Scio considers township-wide solution to fund its own road repairs
Scio Township is considering the development of a township-wide special assessment district to fund its own road repairs.
Officials have been discussing the measure for a long time, said Supervisor E. Spaulding Clark.
AnnArbor.com file photo
A special assessment district for the entire township would mean each parcel owner would contribute the same amount of funding to repair of a set list of road projects in the township.
It would be the first of its kind in Washtenaw County, said Roy Townsend, managing director of the road commission.
Typically, special assessment districts are created by a cluster of homeowners -- commonly in specific subdivisions -- that want to fund road repairs in their neighborhood.
The creation of a district that would encompass the entire township brings some legal questions the township and the Washtenaw County Road Commission are working out, Clark said.
Talks of increasing road funding at the state level -- if they’re enacted -- will likely only translate into increased financial support for projects on state routes, Clark said.
“The state’s talking more money for roads, but they’re talking about primary roads,” Clark said. “It certainly won’t get filtered down to the roads that need it.”
Townsend said the special assessment district is a good way to ensure taxpayer dollars are directed to fixing the roads that those individuals use everyday.
A county-wide millage for local road work would be difficult to allocate to each township - as cities like Ann Arbor already pay their own tax for road improvements, Townsend said.
The intent is to create a pool of funding to fix the roads that people in the township use on a daily basis, Clark said.
Initially, township officials discussed collecting $80 or $85 per year from each parcel owner in the township, regardless of the size of the parcel.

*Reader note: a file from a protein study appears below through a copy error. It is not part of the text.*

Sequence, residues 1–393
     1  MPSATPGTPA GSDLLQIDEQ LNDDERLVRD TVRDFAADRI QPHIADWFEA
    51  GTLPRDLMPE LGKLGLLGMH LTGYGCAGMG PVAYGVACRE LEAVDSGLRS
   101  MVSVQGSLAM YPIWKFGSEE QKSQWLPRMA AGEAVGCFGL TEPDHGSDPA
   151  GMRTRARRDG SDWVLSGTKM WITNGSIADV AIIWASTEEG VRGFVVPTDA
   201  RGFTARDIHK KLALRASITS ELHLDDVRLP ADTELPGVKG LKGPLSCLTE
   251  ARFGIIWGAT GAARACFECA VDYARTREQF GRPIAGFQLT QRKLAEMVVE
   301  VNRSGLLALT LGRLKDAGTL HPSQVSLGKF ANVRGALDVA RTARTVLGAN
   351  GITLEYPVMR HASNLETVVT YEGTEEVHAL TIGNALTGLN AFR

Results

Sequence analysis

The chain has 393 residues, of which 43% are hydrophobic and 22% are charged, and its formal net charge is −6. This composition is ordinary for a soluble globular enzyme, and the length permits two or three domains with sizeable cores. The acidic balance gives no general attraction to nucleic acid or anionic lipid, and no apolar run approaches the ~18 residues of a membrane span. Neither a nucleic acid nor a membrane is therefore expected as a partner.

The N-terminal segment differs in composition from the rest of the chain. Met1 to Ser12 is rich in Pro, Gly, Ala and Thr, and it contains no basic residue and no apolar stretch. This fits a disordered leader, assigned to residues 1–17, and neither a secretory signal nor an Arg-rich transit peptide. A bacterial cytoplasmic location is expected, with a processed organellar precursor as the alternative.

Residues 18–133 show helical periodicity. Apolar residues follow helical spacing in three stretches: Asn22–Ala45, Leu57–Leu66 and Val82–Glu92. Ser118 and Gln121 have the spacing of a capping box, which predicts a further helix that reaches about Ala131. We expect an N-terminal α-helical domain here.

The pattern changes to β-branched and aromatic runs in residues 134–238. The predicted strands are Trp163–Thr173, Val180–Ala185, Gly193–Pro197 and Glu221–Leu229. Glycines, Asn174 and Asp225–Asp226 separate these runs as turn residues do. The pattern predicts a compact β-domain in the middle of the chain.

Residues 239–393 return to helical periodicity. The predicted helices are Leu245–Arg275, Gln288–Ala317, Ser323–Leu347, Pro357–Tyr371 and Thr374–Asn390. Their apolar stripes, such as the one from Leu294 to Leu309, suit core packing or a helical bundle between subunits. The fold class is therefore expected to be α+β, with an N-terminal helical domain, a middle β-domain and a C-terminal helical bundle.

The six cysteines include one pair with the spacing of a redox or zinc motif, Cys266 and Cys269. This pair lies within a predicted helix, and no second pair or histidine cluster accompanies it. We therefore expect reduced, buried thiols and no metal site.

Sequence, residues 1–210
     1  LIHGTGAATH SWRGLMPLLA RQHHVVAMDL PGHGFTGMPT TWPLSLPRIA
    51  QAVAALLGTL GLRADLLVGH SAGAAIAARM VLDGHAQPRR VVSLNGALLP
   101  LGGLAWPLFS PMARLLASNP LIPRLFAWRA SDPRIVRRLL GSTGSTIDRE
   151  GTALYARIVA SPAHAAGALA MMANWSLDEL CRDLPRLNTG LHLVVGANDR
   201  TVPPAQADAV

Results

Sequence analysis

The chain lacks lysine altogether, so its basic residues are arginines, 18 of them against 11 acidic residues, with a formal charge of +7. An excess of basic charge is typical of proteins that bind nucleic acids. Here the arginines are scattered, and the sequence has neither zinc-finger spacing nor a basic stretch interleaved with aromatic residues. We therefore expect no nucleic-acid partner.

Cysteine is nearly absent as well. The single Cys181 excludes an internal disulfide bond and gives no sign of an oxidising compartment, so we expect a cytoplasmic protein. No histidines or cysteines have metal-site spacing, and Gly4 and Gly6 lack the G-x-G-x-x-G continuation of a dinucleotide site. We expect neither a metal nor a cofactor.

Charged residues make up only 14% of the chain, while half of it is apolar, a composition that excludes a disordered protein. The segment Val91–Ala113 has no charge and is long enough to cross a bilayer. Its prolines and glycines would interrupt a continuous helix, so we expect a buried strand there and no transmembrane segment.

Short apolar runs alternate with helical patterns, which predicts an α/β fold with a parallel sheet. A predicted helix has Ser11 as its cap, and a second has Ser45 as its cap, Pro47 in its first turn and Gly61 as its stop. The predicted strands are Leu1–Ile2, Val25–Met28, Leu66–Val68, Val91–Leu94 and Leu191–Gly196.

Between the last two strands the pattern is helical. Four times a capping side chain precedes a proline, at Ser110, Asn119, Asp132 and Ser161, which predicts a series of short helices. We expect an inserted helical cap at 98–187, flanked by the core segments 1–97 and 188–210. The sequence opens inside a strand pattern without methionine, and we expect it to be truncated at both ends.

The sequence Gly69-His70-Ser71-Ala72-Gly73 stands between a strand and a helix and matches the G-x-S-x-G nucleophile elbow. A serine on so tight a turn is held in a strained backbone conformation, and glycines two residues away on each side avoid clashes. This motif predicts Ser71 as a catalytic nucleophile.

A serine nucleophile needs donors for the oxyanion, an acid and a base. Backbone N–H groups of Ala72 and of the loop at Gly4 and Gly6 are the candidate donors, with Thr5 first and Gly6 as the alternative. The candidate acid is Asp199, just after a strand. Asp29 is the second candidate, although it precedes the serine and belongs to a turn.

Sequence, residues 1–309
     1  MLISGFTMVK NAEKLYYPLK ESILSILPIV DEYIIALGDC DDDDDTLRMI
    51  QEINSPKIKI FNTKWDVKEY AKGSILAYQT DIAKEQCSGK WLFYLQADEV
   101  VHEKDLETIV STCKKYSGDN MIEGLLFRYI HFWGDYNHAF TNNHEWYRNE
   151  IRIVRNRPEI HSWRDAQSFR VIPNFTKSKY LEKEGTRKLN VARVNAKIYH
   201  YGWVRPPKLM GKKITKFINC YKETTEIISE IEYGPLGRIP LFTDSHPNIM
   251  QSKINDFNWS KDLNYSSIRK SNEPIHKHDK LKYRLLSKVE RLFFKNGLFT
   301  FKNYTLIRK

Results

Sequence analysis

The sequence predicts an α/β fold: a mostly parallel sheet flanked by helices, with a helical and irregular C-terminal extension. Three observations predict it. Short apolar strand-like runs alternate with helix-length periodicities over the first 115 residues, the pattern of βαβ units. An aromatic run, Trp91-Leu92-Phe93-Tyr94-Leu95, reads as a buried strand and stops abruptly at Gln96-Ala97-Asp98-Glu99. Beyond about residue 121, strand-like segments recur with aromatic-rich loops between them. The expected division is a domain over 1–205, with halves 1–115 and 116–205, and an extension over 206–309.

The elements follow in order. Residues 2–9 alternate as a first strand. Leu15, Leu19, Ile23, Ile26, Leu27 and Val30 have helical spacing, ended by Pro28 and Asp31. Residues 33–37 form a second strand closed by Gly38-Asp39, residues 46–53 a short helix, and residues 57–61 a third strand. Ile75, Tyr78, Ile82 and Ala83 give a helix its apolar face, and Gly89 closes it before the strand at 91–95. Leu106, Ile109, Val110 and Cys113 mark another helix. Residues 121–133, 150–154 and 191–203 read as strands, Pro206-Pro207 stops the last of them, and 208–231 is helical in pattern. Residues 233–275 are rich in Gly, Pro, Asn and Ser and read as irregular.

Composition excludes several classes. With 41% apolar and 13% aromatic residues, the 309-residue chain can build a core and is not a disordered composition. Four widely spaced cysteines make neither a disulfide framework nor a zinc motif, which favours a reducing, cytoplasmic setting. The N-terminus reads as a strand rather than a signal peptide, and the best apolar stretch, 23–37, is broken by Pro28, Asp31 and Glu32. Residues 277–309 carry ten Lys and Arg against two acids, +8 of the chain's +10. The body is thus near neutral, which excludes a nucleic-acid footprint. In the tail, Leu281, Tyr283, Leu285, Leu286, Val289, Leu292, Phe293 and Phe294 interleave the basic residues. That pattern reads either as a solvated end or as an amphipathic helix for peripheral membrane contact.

A rate of $80 would result in a pool of money totaling about $4.9 million, Clark said.
The township may be able to bond against that money as well, Clark said.
The township Board of Trustees passed an initial measure Tuesday night declaring its intent to pursue the special assessment district.
Clark and Scio Township will be conferring with the Washtenaw County Road Commission to develop a model that will work.
Public hearings and a full presentation on the special assessment district will be conducted once the township develops that model, Clark said.
Because of Public Act 188, the township could implement the special assessment district without the approval of the vote of the people.
Scio Township has drafted a list of 29 roads with a combined length of 25 miles that would be repaired using the special assessment district.
“Up front, you’re going to have to tell people where there money is going,” Clark said, explaining that otherwise there likely wouldn’t be much support for the idea.
Gravel roads on the list include:
- East Delhi Road from the railroad tracks to Miller Road
- Knight Road from Scio Church to Liberty
- Liberty Road from Park to Parker; from Zeeb to Stags Leap to Park
- Maple Road from Stein to Daleview; from Stein to the township line
- Marshall Road from Baker to Marshall Lakes Drive to Zeeb; from Parker to Baker
- North Delhi Road from Huron River Drive to Eastgate
- Park Road from Scio Village Court to West Birkdale to Parkland Plaza; from Zeeb to Liberty
- Peters Road from Zeeb to Miller
- Pratt Road from West Delhi to Wagner
- Railroad Street from West Delhi to East Delhi
- Scio Road from Zeeb to Dexter-Ann Arbor
- Staebler Road from the pavement south to Park
- Stein Road from Tubbs to Maple
- Streiter Road from Liberty to Scio Church
- Tubbs Road from Huron River Drive to Stein
- West Delhi Road from Dexter-Ann Arbor to Miller to Railroad Street
Paved roads on the list include:
- East Delhi Road from Huron River Drive to the railroad tracks
- Park Road from Zeeb to Scio Village Court
- Scio Ridge Road from Liberty to Upland
- Staebler Road from Jackson Road south to the end of the pavement
- Upland Drive from Scio Church to Scio Ridge
Roads within the village of Dexter would not be covered by the township’s special assessment district, and those residents would not be asked to pay the yearly rate.